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Collection
Barth, Alan
Correspondence, articles, speeches, editorials, subject files, newspaper clippings, and a small amount of personal papers. Half the papers consist of editorials written for the Beaumont Journal(1937-1938), theWashington Post(1949-1977), and theGuild Reporter(1950-1951). Both the correspondence and writings reflect Barth's involvement during the McCarthy period. The issues of civil liberties and freedom of the press run through much of his correspondence with Malcolm Cowley, John Fisher, Felix Frankfurter, Henry Morgenthau, Jr., and Adlai Stevenson.
Collection
Keller, Albert Galloway, 1874-1956
The papers consist of correspondence, writings, student and teaching files, and miscellanea documenting the personal life and professional career of Albert G. Keller, a sociologist, author, and student and colleague of William Graham Sumner. Keller frequently corresponded with individuals on the subject of Sumner, and Yale University figures such as Arthur T. Hadley, James Rowland Angell, and Charles Seymour often felt Keller's displeasure over the University's treatment of the Sumner legacy. He also corresponded with colleagues and former students, Sumner biographers, and family members. Files relating to the William Graham Sumner Club, which he helped found, are also included. Drafts of several published and unpublished writings and many student gradebooks detail his literary and teaching activities.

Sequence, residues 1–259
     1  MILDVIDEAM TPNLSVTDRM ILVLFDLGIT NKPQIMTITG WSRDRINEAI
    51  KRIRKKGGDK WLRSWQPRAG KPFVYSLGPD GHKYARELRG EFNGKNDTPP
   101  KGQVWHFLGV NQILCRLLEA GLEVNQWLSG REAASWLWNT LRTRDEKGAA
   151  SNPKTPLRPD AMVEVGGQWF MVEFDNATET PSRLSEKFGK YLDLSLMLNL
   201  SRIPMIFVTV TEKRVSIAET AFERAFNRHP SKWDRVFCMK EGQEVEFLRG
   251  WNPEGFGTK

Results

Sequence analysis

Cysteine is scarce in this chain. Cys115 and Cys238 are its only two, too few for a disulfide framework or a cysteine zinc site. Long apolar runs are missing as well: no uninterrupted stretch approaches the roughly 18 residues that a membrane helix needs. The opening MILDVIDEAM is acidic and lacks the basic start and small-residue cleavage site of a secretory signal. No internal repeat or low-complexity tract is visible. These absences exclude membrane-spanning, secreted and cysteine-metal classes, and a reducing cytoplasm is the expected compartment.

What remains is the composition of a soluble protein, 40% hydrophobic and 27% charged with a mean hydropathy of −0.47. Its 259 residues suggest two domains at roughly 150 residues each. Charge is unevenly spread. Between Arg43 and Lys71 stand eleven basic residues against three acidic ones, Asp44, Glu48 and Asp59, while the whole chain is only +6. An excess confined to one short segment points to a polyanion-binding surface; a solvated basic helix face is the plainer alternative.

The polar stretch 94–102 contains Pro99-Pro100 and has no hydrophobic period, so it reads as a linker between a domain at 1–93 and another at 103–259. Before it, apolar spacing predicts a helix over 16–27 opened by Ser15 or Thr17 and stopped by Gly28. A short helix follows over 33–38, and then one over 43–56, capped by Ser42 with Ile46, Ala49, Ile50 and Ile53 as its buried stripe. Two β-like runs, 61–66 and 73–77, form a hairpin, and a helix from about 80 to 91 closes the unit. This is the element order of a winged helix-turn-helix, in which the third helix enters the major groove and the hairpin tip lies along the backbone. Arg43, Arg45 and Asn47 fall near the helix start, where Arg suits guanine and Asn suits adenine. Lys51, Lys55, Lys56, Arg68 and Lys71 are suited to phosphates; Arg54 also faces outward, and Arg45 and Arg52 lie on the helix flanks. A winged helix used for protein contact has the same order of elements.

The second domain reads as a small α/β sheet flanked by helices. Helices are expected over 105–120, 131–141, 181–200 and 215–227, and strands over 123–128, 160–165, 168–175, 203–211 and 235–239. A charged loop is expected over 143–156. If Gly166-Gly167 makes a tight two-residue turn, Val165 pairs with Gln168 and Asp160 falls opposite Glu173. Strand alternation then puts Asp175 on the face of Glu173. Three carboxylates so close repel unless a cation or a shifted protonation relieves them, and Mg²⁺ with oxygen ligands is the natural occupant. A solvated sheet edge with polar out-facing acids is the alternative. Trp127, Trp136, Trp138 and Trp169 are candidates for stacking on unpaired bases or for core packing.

Collection
Johnson, Alvin Saunders, 1874-1971
The papers consist of correspondence, writings, notes, clippings and photographs of Alvin Saunders Johnson. Although records relating to his career are relatively scanty, two manuscript drafts of his autobiography, Pioneer Progress, are among the writings. The correspondence of some 1,700 letters includes: Max Ascoli, Jacob Billikopf, Gerhard Colm, Agnes DeLima, Thomas E. Dewey, Eduard Heinmann, Edith Johnson, Corliss Lamont, Adolphe Lowe, Thomas Mann, Harry Scherman.
Collection
Kluger, Richard, 1934-
Interview notes, correspondence, clippings, copies of court transcripts and briefs assembled by Richard Kluger for his book, Simple Justice: Brown vs. Board of Education. Kluger's interview notes, taken either in person or by mail, with over one hundred people make up the core of the collection. Especially full materials are available for Alexander Bickel, Hugo L. Black, Esther Brown, Linda Brown, John W. Davis, Felix Frankfurter, William H. Hastie, Kenneth B. Clark, Charles H. Houston, Thurgood Marshall, William H. Rehnquist, and Earl Warren. Kluger's copies of the correspondence files of the National Association for the Advancement of Colored People (NAACP) relating to this case are also included in the collection, as are two unpublished manuscripts by Phyllis Kluger: an article, "A Short History of Education in the United States," and a book, A Long History of Negro Education.
Collection
Clark, Charles Edward, 1889-1963